Table A8: Employment insurance and social assistance of OF participants and their EAS-only comparison group
Employment Insurance (EA) and Social Assistance (SA) Overall (N=8804) Comparison group (N=13017) OF-EEAS (N=5567) Comparison group (N=8272) OF-SFE (N=1135) Comparison group (N=3102) OF-WS (N=701) Comparison group (N=2518) OF-WE (N=850) Comparison group (N=2539)
Received EI 1 year Prior 0% 0% 0% 0% 0% 0% 0% 0% 0% 0%
Received EI 2 year Prior 0% 0% 0% 0% 0% 1% 0% 0% 0% 0%
Received SA 1 year Prior 54% 50% 54% 53% 54% 54% 51% 51% 58% 58%
Received SA 2 year Prior 49% 46% 49% 49% 50% 49% 46% 46% 51% 51%
• Source: Labour Market Program Data Platform of Employment and Social Development Canada.

## Appendix B: Net impacts results

Table B1: Net impact estimates for OF-EEAS 2011 and 2012 cohort over post participation period until 2017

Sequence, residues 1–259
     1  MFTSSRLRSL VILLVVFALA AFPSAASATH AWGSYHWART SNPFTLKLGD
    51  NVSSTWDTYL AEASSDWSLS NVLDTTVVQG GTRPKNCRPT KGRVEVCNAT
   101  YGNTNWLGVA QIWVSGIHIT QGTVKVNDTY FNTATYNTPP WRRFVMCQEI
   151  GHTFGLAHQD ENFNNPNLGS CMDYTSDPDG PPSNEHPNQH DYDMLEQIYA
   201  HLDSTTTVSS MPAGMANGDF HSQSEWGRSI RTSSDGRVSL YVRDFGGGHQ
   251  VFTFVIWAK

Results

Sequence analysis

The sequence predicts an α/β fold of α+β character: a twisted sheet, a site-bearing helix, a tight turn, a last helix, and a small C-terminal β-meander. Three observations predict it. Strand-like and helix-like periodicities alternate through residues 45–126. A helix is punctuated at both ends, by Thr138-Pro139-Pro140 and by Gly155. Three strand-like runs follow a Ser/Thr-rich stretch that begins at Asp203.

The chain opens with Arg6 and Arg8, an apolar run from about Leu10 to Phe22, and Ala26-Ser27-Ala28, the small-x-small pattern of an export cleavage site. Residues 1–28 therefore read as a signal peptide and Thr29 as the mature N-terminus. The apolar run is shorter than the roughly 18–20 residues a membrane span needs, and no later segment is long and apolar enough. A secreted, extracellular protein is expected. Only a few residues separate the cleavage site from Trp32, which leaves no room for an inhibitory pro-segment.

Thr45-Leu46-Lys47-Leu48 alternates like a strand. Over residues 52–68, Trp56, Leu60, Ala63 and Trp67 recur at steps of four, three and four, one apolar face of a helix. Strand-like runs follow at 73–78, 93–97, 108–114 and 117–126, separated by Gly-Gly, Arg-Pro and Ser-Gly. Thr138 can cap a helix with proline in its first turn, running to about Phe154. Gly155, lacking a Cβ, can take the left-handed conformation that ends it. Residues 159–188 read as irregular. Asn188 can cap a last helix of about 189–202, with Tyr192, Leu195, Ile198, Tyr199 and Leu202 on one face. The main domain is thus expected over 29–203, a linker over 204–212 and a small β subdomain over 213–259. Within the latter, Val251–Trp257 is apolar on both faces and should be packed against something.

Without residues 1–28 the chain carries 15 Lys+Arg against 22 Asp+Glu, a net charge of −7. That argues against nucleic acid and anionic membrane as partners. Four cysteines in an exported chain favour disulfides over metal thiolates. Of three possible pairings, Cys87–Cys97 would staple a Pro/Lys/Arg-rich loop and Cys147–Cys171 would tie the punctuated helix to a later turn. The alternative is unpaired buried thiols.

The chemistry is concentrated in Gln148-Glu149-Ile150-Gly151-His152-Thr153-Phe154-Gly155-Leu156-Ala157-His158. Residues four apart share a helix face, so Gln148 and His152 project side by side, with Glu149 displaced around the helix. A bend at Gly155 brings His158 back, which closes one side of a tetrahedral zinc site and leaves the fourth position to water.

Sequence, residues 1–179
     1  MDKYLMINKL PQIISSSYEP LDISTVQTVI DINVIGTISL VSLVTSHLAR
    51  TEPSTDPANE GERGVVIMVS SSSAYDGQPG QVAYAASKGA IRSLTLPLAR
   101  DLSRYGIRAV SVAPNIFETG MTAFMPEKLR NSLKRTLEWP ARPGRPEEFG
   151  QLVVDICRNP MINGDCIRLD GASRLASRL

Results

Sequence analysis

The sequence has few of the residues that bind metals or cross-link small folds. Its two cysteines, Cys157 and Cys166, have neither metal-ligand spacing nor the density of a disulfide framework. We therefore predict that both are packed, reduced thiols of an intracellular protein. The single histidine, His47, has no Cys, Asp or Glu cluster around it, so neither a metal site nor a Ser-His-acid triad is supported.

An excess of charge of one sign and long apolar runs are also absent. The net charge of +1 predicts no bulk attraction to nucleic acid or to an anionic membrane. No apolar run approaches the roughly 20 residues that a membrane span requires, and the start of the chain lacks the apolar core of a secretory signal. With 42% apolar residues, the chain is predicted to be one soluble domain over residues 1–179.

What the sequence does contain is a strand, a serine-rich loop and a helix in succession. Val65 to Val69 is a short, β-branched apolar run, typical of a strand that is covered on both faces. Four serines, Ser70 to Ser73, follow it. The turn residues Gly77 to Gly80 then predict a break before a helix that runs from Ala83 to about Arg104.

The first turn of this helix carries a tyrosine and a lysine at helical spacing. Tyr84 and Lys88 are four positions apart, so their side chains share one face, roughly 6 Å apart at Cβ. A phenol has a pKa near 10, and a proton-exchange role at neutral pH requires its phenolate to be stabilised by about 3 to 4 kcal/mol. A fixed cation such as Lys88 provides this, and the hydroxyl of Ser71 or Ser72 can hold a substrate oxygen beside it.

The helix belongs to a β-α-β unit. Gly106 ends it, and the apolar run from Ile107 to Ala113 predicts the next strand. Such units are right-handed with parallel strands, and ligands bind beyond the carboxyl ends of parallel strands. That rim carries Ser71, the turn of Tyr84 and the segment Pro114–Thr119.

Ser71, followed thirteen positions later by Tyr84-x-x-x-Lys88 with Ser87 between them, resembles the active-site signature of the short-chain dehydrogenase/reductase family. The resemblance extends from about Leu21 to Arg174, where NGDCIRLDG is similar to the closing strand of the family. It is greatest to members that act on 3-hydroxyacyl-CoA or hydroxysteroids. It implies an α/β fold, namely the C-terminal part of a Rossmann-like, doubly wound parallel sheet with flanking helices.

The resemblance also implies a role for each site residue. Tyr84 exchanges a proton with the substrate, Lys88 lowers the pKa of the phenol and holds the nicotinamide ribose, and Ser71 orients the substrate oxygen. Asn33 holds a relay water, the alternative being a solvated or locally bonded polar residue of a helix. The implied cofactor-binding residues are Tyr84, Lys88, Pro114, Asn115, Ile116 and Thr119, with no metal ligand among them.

Indicators Program start year 1 yr post-program 2 yr post-program 3 yr post-program 4 yr post-program 5 yr post-program Cumulative in and post-program (0 to 5) Annual average post-program (1 to 5)
Employment earnings (\$) -32.5 143.27 566.54** 801.95*** 790.65*** 550.98* 2836.11*** 567.22***
Incidence of employment (percentage point) 2.88** 6.79*** 3.77** 4.08** 0.27 0.84 N/A 3.05**
EI benefits (\$) -11.5** -18.04 8.27 16.72* -3.02 3.89 16.02 3.2
SA benefits (\$) 491.34*** 285.37* 235.42* 306.02** 80.8 -1.99 910.93 182.19
Dependence on income support (percentage point)1 2.57** 2.98** 1.86 1.87 1.26 1.46 N/A 1.85
• Source: Labour Market Program Data Platform of Employment and Social Development Canada.
• Note: Significance level: ***1%, **5%, *10%
Table B2: Net impact estimates for OF-SFE 2011 and 2012 cohort over post participation period until 2017